Today we’ve got a collection of Pokemon GO forks and alternatives to PokeVision, the first big name in 3rd-party mapping in the game. This set of items includes a few online maps with Pokemon spotting as well as an app or two. While Pokemon GO 3rd-party development continues to be mitigated by Niantic, developers continue to rally to create apps that both interact with and influence the flow of the game. Until bug bounties are offered up, this will very likely continue.
PokeVision was the first widely-used mapping program for Pokemon GO on the web. At its home at PokeVision dot com, it housed thousands, if not millions of scans by new Pokemon GO players a day. For several weeks it was the most-searched-for term related to Pokemon GO on Google.
Then disaster struck! The methods used by the developer of PokeVision were cut off, and Niantic and Nintendo requested that PokeVision be shut down!
Since then, a collection of alternatives have arisen – forks, ground-up-redevelopments, and oddities aplenty.
This scanner has a wide variety of ways and means of scanning a certain area. This map uses the GPS location of the device it’s being browsed with – more often than not, that means the smartphone of the user. This map is browsed with a web browser.
Head to PokeEye to have a peek, and please don’t take the title of the service literally. It’s a pseudo-brand, not instructions.
An app for iPhone that appears to be one of the last still functioning with actual Pokemon icons (colorful, easy to recognize icons, that is to say). Other scanners are available, but most only show alternate icons and/or Pokemon numbers – which, without a Pokedex, isn’t a whole lot of help.
Go to the Go Scan iTunes Store listing to look at this app and download.
The PokeVS scanner works on the web and is the closest model to the original PokeVision available right this minute. Users have only to type in an address and tap, and BANG, all the Pokemon appear. Easy as can be.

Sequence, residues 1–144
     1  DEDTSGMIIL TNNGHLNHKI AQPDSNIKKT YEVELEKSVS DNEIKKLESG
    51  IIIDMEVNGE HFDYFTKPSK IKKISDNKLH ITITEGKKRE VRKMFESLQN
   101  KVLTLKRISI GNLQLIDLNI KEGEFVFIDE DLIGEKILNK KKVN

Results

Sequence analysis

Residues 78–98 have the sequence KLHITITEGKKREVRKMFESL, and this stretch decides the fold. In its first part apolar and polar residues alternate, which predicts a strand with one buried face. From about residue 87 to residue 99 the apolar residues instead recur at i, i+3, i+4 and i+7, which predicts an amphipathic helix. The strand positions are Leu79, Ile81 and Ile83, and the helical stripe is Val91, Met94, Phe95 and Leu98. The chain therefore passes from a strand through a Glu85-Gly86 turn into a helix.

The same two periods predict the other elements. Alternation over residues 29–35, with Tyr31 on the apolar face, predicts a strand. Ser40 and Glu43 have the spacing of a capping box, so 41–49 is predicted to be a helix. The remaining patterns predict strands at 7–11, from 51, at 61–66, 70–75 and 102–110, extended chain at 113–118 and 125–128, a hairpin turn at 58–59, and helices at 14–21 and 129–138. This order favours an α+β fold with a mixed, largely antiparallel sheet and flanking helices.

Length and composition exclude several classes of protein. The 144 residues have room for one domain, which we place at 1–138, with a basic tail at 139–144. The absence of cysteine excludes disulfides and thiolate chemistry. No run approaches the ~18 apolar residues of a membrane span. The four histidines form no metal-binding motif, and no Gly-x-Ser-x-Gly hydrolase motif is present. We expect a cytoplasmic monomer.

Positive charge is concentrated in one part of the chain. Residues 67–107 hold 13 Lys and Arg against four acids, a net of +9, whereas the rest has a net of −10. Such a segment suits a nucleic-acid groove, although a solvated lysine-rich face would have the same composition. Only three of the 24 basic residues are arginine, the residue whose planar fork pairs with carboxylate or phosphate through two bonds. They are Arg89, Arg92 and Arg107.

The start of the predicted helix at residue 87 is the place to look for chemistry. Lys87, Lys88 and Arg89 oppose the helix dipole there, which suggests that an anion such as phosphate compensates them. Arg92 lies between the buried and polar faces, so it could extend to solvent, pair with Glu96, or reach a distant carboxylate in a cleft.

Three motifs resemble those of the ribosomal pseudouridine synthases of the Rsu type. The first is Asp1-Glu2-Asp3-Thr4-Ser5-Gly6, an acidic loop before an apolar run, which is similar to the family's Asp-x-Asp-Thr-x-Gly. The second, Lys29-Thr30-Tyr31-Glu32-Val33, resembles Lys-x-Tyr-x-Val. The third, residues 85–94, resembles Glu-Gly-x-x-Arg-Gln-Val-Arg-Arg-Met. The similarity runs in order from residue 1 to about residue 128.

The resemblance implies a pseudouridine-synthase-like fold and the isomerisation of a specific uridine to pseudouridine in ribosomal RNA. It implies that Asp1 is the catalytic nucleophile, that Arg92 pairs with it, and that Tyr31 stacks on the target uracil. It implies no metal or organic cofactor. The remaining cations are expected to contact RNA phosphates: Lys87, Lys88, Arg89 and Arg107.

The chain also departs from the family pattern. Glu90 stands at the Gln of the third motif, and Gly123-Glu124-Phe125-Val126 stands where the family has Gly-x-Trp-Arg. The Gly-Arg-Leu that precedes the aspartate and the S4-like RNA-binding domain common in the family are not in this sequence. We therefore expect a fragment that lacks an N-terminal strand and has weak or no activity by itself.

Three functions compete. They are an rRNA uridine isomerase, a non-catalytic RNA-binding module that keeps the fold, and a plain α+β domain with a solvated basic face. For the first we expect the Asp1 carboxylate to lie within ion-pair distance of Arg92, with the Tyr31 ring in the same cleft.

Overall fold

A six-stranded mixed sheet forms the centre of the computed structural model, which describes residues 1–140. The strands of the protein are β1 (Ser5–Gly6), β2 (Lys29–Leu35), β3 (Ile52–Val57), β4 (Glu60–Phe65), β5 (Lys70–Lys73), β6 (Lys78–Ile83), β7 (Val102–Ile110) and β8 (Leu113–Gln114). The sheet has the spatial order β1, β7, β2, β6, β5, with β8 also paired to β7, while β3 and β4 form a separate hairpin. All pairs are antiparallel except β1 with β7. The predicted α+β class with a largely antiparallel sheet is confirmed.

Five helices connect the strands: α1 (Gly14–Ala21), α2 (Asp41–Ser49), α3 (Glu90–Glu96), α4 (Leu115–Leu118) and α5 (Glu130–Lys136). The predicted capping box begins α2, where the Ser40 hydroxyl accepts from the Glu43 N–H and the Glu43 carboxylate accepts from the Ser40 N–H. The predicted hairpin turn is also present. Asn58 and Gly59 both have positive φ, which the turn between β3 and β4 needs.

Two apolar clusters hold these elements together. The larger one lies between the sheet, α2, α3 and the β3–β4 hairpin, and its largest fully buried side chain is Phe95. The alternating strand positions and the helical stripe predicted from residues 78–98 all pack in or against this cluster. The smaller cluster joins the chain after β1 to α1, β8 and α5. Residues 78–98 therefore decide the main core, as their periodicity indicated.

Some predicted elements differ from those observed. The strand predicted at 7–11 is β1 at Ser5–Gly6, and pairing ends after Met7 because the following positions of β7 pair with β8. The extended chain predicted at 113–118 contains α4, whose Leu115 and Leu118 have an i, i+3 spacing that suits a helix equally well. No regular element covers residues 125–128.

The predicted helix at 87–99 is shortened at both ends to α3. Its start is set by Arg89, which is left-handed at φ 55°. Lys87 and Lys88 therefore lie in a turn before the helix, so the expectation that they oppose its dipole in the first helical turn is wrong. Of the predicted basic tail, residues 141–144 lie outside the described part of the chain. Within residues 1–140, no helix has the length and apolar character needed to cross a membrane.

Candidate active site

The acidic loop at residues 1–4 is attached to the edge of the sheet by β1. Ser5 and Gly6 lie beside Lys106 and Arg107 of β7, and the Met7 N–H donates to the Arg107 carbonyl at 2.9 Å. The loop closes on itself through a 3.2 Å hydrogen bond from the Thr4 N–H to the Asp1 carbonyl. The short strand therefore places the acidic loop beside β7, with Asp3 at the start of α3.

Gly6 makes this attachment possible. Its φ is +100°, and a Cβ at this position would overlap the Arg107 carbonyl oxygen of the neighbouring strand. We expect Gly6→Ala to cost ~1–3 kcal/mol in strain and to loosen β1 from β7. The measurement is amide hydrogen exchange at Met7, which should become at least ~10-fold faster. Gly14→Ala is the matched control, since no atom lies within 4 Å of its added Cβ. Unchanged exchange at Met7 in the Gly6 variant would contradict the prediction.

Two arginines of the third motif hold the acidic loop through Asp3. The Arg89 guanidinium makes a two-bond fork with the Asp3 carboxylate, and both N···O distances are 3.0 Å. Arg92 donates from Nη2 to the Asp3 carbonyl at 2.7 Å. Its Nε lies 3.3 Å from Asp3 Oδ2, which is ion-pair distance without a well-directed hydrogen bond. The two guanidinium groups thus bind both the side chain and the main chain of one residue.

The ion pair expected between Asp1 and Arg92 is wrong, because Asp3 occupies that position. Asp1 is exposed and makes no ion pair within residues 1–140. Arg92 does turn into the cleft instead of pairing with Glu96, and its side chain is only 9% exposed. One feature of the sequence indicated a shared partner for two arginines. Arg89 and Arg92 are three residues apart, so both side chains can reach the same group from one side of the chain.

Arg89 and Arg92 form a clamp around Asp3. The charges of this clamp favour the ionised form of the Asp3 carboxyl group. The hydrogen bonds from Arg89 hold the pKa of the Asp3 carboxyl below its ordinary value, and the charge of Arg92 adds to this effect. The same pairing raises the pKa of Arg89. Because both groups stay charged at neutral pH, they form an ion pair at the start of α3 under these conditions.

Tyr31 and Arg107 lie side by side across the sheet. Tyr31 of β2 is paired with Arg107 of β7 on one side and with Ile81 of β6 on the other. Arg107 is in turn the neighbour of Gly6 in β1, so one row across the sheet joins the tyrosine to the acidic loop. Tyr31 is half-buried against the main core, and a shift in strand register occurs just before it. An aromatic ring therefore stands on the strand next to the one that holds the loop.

Unfortunately PokeVS does not currently offer any sort of filters, so there are plenty of Ratata to be found. Have a peek at PokeVS and see for yourself.
The folks behind FastPokeMap are creating a quick-scanning model that gives users a wider range than other alternatives. They’re hard at work at this at the moment at the same time as thousands of players scan at all hours of the day and night. As a result, some locations garner less luck in scanning than others.
Users that live in high-traffic areas will have more luck using FastPokeMap than those in rural areas. Crossing our fingers for a big burst of workers, soon.
By far the fastest map scanner yet made. PokeFast works with a unique setup for Android devices, showing the numbers for each Pokemon around the user – BUT – allowing that user to download icons to replace those numbers separately. This allows the user to use icons without the developer getting in trouble for copyright infringement.
Have a peek at This PokeFastApp Twitter to tap the current download link for the app therein. As this is a 3rd-party app not distributed through the Google Play app store, SlashGear does not condone nor take any responsibility for its use.
Have a peek at SlashGear’s @TeamPokemonGo Twitter portal for additional updates, tips, and oddities of all sorts!